Sir David Attenborough donates Easter Island seeds to Kew

In a ceremony last week at the Tropical Nurseries in Kew Gardens, London, Sir David Attenborough donated a collection of seeds from Rapa Nui (Easter Island) to the Kew nursery.

Dr Sonia Haoa Cardinalli, a Raoa Nui archaeologist and author of Cultural and Environmental Changes of Rapa Nui presented 31 seeds of Sophora toromiro to Sir Attenborough, who then donated the seeds to his ‘friends at Kew’.

Sir David Attenborough donates Easter Island seeds to Kew

Sir David Attenborough donates Easter Island seeds to Kew

Sophora toromiro, commonly known as the toromiro tree, is a plant from the legume family that is endemic to the remote Pacific island of Rapa Nui.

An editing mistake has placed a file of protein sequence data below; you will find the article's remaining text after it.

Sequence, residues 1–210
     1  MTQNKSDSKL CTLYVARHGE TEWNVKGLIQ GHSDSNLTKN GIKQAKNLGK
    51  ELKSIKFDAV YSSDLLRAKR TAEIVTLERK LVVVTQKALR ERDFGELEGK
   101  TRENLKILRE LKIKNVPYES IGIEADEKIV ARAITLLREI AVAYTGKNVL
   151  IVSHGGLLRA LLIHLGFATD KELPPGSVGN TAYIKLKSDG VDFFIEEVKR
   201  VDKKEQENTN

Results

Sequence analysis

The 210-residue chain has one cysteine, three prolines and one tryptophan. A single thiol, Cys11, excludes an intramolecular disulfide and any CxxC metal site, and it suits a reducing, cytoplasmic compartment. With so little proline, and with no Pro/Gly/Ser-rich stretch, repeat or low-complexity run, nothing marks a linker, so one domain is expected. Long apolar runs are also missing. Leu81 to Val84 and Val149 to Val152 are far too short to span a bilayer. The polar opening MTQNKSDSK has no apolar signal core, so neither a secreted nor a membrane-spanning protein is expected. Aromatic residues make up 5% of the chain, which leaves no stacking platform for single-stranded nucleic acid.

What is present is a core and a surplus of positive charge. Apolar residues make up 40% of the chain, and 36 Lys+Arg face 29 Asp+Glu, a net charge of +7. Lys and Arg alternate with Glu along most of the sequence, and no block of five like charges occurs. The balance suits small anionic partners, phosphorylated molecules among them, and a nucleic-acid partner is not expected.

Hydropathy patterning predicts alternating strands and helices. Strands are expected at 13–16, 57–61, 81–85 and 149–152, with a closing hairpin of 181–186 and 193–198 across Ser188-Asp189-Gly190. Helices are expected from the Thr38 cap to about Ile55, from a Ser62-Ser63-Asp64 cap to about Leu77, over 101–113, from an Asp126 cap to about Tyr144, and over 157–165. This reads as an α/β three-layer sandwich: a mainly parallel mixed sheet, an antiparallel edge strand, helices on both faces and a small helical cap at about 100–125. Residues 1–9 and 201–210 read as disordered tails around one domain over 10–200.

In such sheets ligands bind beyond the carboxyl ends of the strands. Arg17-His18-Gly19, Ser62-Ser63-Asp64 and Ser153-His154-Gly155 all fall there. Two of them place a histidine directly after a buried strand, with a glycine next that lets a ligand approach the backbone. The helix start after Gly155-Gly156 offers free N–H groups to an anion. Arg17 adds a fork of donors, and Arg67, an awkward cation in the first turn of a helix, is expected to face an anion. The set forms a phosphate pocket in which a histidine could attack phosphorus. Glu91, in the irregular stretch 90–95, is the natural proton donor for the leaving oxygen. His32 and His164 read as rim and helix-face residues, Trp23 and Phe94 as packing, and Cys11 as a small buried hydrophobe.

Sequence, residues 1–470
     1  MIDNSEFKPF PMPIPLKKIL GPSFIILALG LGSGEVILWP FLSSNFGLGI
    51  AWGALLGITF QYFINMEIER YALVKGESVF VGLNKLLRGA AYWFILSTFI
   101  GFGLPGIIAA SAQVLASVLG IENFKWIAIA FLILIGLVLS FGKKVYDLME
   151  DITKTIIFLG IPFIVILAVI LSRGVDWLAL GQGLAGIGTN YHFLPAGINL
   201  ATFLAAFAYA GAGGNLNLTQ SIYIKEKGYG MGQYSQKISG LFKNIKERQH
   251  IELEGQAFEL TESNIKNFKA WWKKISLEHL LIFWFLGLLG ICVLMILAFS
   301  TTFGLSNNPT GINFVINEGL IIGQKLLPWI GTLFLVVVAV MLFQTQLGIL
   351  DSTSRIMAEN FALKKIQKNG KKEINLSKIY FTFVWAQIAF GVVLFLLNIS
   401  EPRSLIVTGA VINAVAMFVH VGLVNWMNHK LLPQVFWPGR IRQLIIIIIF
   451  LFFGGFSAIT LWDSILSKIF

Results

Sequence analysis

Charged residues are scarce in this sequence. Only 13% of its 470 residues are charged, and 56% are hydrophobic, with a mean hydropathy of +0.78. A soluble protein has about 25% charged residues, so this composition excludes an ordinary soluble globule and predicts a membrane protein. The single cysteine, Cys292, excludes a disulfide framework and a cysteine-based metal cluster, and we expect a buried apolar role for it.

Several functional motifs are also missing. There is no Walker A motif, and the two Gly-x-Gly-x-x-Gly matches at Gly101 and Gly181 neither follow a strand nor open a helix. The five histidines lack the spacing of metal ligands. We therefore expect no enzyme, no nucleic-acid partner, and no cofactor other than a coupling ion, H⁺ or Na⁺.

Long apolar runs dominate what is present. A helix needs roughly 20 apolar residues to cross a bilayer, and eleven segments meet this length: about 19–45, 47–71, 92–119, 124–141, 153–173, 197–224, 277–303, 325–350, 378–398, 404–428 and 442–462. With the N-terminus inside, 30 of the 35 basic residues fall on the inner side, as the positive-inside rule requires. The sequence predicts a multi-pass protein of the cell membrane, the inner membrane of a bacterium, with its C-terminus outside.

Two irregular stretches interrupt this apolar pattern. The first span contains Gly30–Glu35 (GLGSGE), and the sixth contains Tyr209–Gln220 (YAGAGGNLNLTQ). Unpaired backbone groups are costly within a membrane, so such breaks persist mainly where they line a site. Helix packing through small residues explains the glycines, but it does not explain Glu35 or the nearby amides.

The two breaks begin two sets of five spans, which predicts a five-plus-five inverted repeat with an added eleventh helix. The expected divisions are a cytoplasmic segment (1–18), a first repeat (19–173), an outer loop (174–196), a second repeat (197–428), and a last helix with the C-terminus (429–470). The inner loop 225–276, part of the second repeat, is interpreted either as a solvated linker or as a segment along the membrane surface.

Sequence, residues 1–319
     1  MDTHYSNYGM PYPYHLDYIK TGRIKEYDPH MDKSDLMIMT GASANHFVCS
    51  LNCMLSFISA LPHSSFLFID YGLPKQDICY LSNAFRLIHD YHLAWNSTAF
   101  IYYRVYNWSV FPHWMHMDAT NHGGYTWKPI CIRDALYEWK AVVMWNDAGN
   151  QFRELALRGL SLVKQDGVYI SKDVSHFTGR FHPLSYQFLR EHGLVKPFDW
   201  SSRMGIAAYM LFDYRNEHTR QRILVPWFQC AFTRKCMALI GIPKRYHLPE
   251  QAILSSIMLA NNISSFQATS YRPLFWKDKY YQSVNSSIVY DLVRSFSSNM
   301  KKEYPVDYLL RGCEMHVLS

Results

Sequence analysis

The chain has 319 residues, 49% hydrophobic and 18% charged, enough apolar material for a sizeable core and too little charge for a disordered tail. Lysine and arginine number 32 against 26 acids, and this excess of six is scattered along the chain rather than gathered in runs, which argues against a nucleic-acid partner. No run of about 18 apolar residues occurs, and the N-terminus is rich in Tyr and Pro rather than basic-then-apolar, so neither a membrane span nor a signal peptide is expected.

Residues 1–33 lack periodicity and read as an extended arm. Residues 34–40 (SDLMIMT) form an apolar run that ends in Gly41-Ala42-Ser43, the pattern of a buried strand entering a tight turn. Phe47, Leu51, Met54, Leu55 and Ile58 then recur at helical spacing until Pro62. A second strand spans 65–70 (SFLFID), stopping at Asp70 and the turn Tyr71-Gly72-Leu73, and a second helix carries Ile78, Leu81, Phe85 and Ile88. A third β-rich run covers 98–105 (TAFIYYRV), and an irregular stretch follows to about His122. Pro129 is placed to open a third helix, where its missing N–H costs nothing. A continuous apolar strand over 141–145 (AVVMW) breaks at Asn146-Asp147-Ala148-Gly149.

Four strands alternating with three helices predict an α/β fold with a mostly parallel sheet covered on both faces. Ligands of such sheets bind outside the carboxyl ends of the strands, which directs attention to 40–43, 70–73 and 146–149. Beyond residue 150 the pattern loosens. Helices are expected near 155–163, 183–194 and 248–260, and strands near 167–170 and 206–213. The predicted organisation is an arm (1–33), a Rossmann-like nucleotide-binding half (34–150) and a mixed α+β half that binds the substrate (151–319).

The plant has been classified as Extinct in the Wild by the International Union for Conservation of Nature (IUCN) since the 1960s.

Its place on the IUCN Red List of Threatened Species has been attributed to human activities, such as deforestation and the introduction of agricultural animals to the island in the 18th and 19th centuries.

Norwegian ethnographer Thor Heyerdahl found one surviving toromiro tree in the 1950s, which were subsequently sent to Gothenburg Botanical Garden in Sweden, with specimens later cultivated at a botanical garden in Mention, France.

And while the last surviving specimen on Rapa Nui has long vanished, with the toromiro plants still in cultivation in botanic gardens around the world.

Director of gardens at RBG Kew, Richard Barley MBE, says: “Faced with the dual crises of climate change and biodiversity loss, botanical gardens across the world are on the frontline of the battle to protect our natural world, and as the shepherds of the world’s most biodiverse collection of living plants, RBG Kew will be a perfect new home for the seeds.”

Attempts to reintroduce the plant to Rapa Nui have seen some degree of success with a number of specimens now growing on the island.

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